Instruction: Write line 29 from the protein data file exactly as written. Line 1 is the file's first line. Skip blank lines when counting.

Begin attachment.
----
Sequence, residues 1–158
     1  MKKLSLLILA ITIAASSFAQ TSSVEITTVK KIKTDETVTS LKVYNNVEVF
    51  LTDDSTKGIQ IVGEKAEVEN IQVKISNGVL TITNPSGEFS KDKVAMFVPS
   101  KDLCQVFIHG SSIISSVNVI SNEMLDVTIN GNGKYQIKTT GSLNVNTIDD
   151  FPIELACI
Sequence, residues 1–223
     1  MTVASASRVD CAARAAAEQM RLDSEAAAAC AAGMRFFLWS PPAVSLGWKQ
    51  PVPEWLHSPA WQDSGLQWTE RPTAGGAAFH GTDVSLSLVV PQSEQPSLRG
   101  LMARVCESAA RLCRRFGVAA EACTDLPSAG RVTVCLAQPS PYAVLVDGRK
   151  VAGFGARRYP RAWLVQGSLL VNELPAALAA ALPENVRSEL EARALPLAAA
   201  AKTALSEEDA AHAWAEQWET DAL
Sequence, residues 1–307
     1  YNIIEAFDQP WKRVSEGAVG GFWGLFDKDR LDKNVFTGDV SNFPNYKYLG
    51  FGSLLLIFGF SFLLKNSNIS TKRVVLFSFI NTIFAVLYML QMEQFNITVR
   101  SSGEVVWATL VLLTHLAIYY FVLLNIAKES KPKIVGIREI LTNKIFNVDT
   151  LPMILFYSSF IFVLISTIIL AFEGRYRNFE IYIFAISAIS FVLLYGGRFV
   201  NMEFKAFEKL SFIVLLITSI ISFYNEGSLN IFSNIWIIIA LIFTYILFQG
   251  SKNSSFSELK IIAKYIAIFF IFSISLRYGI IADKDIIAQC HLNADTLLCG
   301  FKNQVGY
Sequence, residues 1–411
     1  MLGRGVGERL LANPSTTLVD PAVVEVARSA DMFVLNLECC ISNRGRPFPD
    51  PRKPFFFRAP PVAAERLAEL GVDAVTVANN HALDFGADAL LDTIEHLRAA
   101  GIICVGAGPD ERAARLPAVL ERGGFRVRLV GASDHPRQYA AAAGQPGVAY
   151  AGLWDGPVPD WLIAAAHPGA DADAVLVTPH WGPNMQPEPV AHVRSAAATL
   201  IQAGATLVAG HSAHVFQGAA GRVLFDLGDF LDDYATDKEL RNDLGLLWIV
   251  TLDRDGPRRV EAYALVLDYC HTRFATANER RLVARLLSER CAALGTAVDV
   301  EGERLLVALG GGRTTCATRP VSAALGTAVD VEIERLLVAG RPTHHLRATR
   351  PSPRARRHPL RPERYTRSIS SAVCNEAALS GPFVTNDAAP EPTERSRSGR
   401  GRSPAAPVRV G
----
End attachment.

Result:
   401  GRSPAAPVRV G